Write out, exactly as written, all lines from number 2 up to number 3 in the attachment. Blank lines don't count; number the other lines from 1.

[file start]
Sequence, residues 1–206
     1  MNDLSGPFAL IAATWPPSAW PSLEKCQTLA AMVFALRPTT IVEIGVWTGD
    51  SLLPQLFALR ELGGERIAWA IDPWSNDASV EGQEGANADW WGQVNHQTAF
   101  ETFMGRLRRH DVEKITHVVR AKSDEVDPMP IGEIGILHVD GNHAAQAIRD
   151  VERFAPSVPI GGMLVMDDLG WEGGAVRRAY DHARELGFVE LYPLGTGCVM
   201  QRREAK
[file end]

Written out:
     1  MNDLSGPFAL IAATWPPSAW PSLEKCQTLA AMVFALRPTT IVEIGVWTGD
    51  SLLPQLFALR ELGGERIAWA IDPWSNDASV EGQEGANADW WGQVNHQTAF